I'm the editor of a statistical journal (currently it doesn't have an Impact Factor but will have one soon as far as our information goes). I have experienced that it is very hard to find reviewers for papers. Often people don't even respond to the invitation to review. Recently I invited a person I know very well to review, and they told me that the invitation ended up in the spam folder. This of course would explain why I often don't get a response.

I am aware that different spam folders work differently and I know that not all of my invitations for this journal end up in the spam. I am also Associate Editor for other journals (with OK Impact Factor) where my success rate getting responses is clearly better. So I'm interested in any tips regarding wording or subject lines of such invitation emails that lower the probability of ending up in spam folders.

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    Is it actually spam? That is, are you sending out bulk requests or individual ones, tailored to the recipient?
    – Buffy
    Nov 25, 2023 at 13:19
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    @Buffy The requests are individual. There is a default invitation email template in the system that I often use or modify only a little bit. But we're really not talking about big numbers here; I'm sending out fewer than 10 requests per month. (The vast majority of requests I get myself are default templates with hardly any modification.) Nov 25, 2023 at 13:27
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    That's infuriating but there isn't a lot of what you can do. About half of the e-mails I send from my personal e-mail address to former colleagues (which are now clients) ends up in their spam folder. These are all individual e-mails from [email protected]. There appears to be no rhyme or reason why a specific email gets through or not. I've taken to confirming through a "known good" recipient at that company. It's super awkward, but I don't know what else to do.
    – Hilmar
    Nov 25, 2023 at 15:06
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    You should bringing ths up th the IT people of the domain your email is coming from Nov 25, 2023 at 23:32
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    I'm afraid that I have a habit to automatically marking any email from a journal I haven't heard of as spam without even thinking about it. Usual submission request rather than review requests, but the algorithm probably lessens the association between the journal name and "spam". Such is the extent to which predatory journals have poisoned the well for everyone. Nov 27, 2023 at 8:46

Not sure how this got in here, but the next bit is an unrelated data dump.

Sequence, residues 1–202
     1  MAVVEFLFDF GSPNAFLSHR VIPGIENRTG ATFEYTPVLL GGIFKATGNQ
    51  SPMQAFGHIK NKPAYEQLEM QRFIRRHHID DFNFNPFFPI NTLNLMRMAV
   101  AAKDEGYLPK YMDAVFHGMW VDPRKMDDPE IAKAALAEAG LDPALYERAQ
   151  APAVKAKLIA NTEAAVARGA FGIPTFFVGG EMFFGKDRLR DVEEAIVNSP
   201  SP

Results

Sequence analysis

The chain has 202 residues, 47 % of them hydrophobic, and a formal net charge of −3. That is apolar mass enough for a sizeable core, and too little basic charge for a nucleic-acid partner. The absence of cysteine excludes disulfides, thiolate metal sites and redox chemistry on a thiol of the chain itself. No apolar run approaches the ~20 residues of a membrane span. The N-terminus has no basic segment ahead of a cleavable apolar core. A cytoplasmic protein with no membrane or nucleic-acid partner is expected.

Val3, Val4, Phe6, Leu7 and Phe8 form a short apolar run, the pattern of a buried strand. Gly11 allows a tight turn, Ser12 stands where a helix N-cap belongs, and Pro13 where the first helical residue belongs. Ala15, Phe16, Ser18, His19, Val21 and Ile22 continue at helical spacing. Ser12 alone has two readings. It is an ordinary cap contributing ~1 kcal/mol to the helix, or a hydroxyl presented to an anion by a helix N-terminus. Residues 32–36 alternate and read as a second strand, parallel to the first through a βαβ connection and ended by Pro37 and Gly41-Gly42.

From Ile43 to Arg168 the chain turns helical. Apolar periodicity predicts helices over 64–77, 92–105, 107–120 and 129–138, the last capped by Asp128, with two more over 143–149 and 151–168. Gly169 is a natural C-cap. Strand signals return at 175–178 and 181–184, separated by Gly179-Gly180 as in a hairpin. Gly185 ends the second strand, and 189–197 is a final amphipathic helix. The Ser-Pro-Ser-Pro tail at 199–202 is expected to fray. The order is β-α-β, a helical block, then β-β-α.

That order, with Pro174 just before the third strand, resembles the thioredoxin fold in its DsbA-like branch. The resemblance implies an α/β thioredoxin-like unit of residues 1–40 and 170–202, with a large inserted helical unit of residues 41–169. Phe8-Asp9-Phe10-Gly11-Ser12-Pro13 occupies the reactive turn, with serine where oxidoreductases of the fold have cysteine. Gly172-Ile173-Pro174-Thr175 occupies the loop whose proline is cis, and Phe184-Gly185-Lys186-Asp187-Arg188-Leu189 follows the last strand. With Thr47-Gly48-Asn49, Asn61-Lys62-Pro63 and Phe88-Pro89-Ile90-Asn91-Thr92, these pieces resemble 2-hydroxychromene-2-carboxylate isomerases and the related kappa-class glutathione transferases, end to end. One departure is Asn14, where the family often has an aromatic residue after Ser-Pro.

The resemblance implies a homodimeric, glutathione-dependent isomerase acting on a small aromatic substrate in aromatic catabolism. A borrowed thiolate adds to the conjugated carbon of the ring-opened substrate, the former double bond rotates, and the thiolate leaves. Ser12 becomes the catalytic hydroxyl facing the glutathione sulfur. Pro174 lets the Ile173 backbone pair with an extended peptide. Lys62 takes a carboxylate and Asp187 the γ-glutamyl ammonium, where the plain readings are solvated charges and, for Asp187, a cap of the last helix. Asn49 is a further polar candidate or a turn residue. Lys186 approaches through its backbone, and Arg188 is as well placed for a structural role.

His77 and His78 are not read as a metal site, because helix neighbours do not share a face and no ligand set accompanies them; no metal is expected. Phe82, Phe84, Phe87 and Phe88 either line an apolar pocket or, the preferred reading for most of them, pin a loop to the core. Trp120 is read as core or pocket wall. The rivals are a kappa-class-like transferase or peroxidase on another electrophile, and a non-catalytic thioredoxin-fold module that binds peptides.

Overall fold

2 Answers 2


I suggest

  • Do not to use any template at all,
  • Introduce the journal,
  • Use the official journal email with your complete signature, not gmail,
  • Kindly beg for confirmation and feedback even when declining. Explain that this is important for expeditious processing.
  • Keep it short (Title, Authors, Abstract). You can send the template email with all the details for login, links to the journal, etc. upon obtaining the agreement.
  • Avoid links to third party sites, pictures, attachments, Excessive Capital Letters, exclamation marks!!! They can trigger spam filter.

Finally, the day of the week seems to matter as well. I would avoid Mondays. Please, take it with irony, but some people claim that Tuesday is the best day for asking someone out, Thursday is the best for sending promotional emails and Friday is the best for asking for a raise.

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    All good suggestions, thanks; just to say I do most of these already, particularly of course the last bullet point. The day of week thing was totally new to me. Worth a try. Nov 26, 2023 at 11:22

I'm pretty much guessing here, but perhaps this will help.

It is possible for recipients of a mail to mark it as spam and report that back to the email system. If this template you mention is from the publisher and used by other editors, then it is possible that many such requests have been marked as spam and the system flags similar things automatically.

A possible solution is to build yourself a new template that is quite different from the standard one. It would probably require using different wording/phrasing than that in similar things.

One form of personalization that might also be effective is to note some paper of the recipient that leads you to think they might be a good reviewer. That is, give them the idea that you actually know about their work and its relevance. This is a bit separate from the spam issue, though it might overlap somewhat.

I'm guessing that the "hardly any modification" is the issue, though. You are fighting with AIs now, of course.

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    Oh, well... something along the lines of "I've read your recent paper and now invite you to something" is more or less the standard approach in most spam I get. I guess the chance that this comes through is not particularly high. Nov 25, 2023 at 17:03

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